Girl Up is a movement to advance girls’ skills, rights, and opportunities to be leaders. The movement is a campaign of the United Nations dedicated to securing equal opportunities for underprivileged adolescent girls in developing countries.
Clare McNeil, SCN, of the faith group, speaks of Girl Up and her inspiration to get involved, “Many of our Sisters in India have these same goals as Girl Up as they work daily with young girls. I relayed my reading of the article about the UN campaign to our Quincy, Massachusetts, faith group at the time and suggested we call ourselves the Girl Up Faith Group and support the education of a couple of young girls in India. Everyone in the group was excited about the endeavor and discussed supporting a poorer mission in Shahpur, India. Besides supporting the girls, we agreed to pray for and communicate with the Sisters living in Shahpur, learn the names of the girls and communicate by letter with them, if possible.”
Family members and friends joined the Sisters in sponsoring the students and have been faithful sponsors for 11 years. Over the years, they have received letters and photos from the girls at Shahpur. The first two girls they sponsored, Malti and Neelam, have finished their basic education and learned skills that contribute to the support of their families. Two years ago, the group began sponsoring two new girls, Rupa and Veronica. “We believe that over the years, our endeavor has been as life-giving to us as it has been to the girls we have had the opportunity to help educate,” says Sister Clare.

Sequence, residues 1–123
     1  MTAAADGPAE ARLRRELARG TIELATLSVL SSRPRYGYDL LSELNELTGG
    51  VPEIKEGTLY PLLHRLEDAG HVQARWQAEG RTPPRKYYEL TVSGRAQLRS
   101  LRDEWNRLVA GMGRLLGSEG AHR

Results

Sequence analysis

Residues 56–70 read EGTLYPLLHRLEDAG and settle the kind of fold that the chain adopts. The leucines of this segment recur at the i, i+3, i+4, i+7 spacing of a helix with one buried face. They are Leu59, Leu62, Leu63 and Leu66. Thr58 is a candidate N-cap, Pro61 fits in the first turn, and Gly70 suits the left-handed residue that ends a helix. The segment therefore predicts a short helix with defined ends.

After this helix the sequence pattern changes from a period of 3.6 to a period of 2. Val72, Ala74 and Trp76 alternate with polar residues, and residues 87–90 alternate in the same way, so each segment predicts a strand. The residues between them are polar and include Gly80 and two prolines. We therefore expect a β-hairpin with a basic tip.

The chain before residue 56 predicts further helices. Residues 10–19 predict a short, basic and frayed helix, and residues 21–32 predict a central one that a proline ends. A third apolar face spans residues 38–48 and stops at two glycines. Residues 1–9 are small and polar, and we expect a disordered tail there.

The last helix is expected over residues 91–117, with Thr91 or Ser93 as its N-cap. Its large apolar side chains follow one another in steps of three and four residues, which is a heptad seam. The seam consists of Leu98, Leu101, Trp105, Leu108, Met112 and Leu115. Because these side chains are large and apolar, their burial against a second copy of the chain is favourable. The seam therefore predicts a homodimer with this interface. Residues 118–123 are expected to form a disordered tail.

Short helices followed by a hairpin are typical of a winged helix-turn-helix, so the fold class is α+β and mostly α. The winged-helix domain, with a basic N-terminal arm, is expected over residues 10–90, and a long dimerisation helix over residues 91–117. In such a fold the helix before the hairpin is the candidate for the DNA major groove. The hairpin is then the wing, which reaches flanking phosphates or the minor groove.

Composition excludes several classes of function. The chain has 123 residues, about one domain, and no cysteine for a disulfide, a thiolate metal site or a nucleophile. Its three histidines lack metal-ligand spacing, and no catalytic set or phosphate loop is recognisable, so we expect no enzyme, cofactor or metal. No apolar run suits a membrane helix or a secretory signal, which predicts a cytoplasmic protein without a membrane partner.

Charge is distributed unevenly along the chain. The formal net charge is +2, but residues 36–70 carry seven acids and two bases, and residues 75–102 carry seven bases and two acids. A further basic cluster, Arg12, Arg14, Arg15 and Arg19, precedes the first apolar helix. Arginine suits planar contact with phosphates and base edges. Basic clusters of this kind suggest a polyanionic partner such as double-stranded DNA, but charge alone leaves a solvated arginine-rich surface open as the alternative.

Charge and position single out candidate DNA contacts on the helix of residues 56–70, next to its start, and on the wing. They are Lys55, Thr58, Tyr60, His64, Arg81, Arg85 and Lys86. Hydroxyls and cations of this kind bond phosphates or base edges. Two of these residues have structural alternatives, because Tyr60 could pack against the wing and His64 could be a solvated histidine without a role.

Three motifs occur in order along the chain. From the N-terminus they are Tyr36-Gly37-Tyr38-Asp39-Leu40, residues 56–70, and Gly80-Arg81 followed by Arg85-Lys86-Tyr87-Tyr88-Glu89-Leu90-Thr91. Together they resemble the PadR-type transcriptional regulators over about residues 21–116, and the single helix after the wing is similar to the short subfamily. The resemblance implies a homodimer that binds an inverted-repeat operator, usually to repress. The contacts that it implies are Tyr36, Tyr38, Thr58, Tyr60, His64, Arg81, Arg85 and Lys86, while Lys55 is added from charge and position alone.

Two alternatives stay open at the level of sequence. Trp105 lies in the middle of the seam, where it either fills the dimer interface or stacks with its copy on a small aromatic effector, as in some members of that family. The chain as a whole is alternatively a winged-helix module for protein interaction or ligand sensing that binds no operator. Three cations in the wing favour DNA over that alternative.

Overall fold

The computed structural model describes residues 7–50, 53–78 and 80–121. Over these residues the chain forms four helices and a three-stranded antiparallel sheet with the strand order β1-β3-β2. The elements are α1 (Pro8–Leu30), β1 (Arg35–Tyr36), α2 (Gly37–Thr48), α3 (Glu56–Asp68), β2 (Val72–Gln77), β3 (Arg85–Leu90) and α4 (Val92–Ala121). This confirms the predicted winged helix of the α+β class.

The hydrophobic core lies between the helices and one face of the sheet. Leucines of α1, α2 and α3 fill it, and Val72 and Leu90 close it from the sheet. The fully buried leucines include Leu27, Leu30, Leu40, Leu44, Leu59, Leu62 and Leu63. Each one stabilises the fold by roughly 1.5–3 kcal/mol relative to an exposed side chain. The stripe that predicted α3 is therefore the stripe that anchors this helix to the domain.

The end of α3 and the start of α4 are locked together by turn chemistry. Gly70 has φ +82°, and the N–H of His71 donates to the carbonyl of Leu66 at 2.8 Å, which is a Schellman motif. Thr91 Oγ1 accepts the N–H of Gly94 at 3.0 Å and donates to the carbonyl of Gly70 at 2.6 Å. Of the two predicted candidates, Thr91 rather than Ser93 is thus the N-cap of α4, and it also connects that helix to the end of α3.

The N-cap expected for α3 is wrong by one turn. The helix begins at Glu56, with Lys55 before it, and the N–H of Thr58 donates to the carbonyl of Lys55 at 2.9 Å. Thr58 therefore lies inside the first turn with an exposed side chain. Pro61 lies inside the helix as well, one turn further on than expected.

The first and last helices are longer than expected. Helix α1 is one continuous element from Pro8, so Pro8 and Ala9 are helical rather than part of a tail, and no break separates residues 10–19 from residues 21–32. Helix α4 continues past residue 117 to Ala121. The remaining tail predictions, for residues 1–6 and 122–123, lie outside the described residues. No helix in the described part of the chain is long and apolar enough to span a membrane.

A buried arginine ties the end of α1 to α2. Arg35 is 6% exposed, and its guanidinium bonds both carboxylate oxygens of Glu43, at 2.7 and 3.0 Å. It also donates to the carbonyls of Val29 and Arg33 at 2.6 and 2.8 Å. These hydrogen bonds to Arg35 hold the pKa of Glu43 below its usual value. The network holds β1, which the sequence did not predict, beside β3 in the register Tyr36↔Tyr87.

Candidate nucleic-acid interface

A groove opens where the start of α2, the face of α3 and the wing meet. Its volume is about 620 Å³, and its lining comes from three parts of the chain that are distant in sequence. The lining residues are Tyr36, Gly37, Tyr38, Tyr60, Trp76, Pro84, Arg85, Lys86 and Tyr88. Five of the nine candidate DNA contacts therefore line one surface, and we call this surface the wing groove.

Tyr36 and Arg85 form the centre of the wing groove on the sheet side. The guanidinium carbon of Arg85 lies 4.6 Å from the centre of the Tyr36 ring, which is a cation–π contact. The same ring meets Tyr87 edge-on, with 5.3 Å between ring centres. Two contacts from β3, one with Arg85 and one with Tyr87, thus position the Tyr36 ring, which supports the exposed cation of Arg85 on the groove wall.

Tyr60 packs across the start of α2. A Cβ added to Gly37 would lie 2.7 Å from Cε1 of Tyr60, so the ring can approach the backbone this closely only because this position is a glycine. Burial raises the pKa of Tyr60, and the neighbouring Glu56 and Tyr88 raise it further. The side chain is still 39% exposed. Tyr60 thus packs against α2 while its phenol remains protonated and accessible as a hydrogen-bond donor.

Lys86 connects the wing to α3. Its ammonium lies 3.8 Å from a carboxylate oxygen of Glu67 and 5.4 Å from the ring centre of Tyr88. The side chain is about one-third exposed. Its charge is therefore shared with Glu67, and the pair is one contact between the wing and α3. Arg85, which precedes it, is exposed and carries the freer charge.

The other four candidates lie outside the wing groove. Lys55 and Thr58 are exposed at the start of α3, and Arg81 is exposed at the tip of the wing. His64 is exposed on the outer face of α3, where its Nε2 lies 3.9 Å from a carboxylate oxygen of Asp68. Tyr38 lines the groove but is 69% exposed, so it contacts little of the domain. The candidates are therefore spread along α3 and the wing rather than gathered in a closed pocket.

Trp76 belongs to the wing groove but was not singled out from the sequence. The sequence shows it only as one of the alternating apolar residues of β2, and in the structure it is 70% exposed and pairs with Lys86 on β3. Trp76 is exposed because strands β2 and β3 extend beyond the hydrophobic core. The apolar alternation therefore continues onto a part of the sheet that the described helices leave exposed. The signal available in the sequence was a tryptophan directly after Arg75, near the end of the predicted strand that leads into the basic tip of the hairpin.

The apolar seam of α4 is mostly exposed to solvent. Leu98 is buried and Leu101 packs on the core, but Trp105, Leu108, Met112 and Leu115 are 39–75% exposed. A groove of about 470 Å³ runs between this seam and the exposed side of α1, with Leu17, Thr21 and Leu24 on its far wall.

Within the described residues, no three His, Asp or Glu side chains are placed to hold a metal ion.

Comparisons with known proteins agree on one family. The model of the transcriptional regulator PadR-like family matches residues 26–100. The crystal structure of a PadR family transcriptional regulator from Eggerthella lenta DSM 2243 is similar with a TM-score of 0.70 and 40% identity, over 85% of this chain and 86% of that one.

The Sisters of Charity of Nazareth have a long history of empowering women. They are committed as much as ever to work for women’s equality in the world.
When Sister Marina met Manisha as a young girl, she saw potential in her. “Manisha is intelligent and a hard-working young woman. Her deep faith has led her through the many ups and downs of her life,” says Sister Marina.
In recalling their time together at Navjyoti, Sister Anjana says, “I would listen to her and encourage her. At the same time, I challenged her too. I am happy and proud that today she is able to take care of herself.”
Reflecting on her upbringing, Manisha shares the following, “Once, someone asked me why I want to live in this world since I do not have my own mother and my father does not care for me. If that person was in my place, they would have died. My answer to her was, ‘I do not live for myself but for my dear and near ones.’”
That selflessness is the reflection of determination and potential seen within a young girl. A motto of the Sisters of Charity of Nazareth is “The love of Christ impels us.” It is out of that profound love that the Sisters are impelled to reach out to those in need, including the most marginalized among us.
Manisha’s path in life was nurtured by the Sisters who saw the opportunity to help her find meaning and fulfillment in life. She is just one of the many lives that the Sisters of Charity of Nazareth have transformed. It is one more way the Sisters continue to help girls rise.